Roberto Pagliarulo’s paintings – featured in a solo show from 22 March to 13 April at Highgate Contemporary Art Gallery in London – balance allusion to ancient Italy with a pure celebration of form, beauty and colour. There is a real confidence to his solid blocks of flat, complementary colours; Tyrian purple is juxtaposed with burnt orange, Persian blue with marigold yellow, and each image is infused with a Mediterranean light. He accentuates the elegance of everyday objects, such as a basket of apples, with his calligraphic style and rhythmic outlines.
At the same time, there is a sense that every object has been included for its symbolic evocation of Rome’s rich history. Born to an Italian father, Pagliarulo’s inclusion of classical busts, sculptures and mythologised figures, all playfully posed, point towards antiquity. Yet, these paintings escape self-consciousness, which pervades much contemporary art. Neither are these nostalgic images; instead Pagliarulo renews the tradition of classical landscape and still life painting with vitality and charm. In this exclusive interview he speaks about his Italian roots, use of colour and ‘paintings within paintings’.
Your paintings are filled with a Mediterranean light – is this an expression of your Italian identity? Do you find/paint your subjects in Italy?
I was born and raised in England but my father is Italian (and my mother is English), so Italy and the idea of Italy is part of my identity. My love of Italian scenes, be they coastal views of the Amalfi or the ruins of ancient Italy that you can find in Rome today, must at least be a part of that identity. Currently, I do find a lot of my subjects in Italy or in its past and when travelling have my sketch pad or paints with me.
There is also a surreal quality to your work; where do the ideas for your playful compositions come from?
I suppose it is hard to say where one’s ideas come from; how does anyone really know? They do in large part just come naturally. However my ideas are a product of what I am interested in and I do enjoy playfulness in my paintings. So, for example, my mother is an actress and since an early age I have been interested in theatre. Shakespeare and Pirandello often used plays within plays in their works and in some of my paintings for example, the large still lives, I place paintings within paintings as a playful concept.
I love your rich use of colour, combined with a decorative feel, which reminds me of Matisse’s Fauvist works. Do you believe in art for art’s sake? Do you use your painting as a form of escapism?
I remember reading Gerhard Richter saying that although it sounds absurd, he believed art has the power to change the world we live in. I’ve always loved that expression. Nietzsche too said, creation is alleviation from life’s suffering. So yes I do believe in art for art’s sake and that it can be a form of escapism. More simply for me, however, my painting is about joy and the colour of life and of beauty.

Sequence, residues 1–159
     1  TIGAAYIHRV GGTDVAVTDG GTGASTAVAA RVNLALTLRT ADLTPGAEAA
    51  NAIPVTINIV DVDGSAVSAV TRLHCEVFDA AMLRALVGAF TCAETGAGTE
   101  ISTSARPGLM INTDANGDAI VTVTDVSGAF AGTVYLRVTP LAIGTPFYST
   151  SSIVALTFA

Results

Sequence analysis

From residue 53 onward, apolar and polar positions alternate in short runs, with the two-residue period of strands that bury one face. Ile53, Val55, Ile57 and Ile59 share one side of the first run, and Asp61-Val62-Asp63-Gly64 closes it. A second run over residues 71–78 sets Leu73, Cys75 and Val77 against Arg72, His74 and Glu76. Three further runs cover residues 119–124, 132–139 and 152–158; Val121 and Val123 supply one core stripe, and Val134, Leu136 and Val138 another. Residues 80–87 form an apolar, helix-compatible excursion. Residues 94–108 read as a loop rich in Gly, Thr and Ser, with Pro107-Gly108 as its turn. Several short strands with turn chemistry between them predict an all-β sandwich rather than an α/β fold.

Is the scale of your works important?
I paint in all different shapes and sizes from the very small to very large scale, such as my triptych which is a number of metres long. I do get a great sense of satisfaction when I step back and look at bigger pictures and find my eye wondering in all different directions.
In your recent paintings I can see your fascination with roses – is there a particular significance or symbolism accorded to this?
I’ve simply always been drawn to their elegance and beauty.
I know the artist and Slade School of Fine Art tutor Paul Richards is a mentor to you. Given you lack of formal art training, did he teach you to paint in the way that you do?
I’ve always drawn and painted since a small child and was an art scholar at Haileybury College, where I won the College’s art prize for my A level work. Paul came to my first solo exhibition in London in 2009 where I first met him. It was marvellous for me that a senior tutor at the Slade School of Art was excited about my work. He helped me in two respects; firstly, I took his encouragement as an endorsement of how I was painting and secondly, he also gave me a few technical tips which I’ve kept in my mental tool-kit.
Does your academic background – as a historian with a doctoral degree in literature – influence your practice?
One’s art is an expression of oneself. My keen interest in history and literature have brought a richer and deeper meaning to some of my paintings. You’ll see some explicit reference to antiquity and ancient history in my still lives.
You can view Roberto Pagliarulo’s works at Highgate Contemporary Art Gallery, London from 22 March to 13 April.
Roberto regularly exhibits in London and his work is held in a number of collections. Recent London exhibitions include: June 2016, Haileybury Festival of Arts, exhibition and lecture by Roberto on “Colour, Composition and Meaning”, December 2015 & January 2016, Group Show, Highgate Contemporary Art Gallery; 6 July–4 September 2015, Summer Farrago, Highgate Contemporary Art Gallery, Group Summer Exhibition; 17 June–3 July 2015 Colour: an exhibition of the works of Roberto Pagliarulo, Highgate Contemporary Art Gallery; October 2014, The Affordable Art Fair, Lena Boyle Fine Art, Battersea Park; January 2014 The London Art Fair, Lena Boyle Fine Art, Business Design Centre, Islington.
You can visit Roberto’s website here.